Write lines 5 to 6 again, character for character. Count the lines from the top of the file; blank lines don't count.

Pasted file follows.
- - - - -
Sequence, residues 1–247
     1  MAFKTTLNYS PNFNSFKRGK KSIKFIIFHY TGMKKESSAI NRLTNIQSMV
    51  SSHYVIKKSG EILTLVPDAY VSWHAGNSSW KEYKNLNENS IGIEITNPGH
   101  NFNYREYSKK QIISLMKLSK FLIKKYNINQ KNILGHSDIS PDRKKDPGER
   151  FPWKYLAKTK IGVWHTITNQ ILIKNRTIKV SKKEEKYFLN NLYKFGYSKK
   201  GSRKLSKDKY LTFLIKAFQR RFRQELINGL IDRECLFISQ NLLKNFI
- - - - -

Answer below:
   151  FPWKYLAKTK IGVWHTITNQ ILIKNRTIKV SKKEEKYFLN NLYKFGYSKK
   201  GSRKLSKDKY LTFLIKAFQR RFRQELINGL IDRECLFISQ NLLKNFI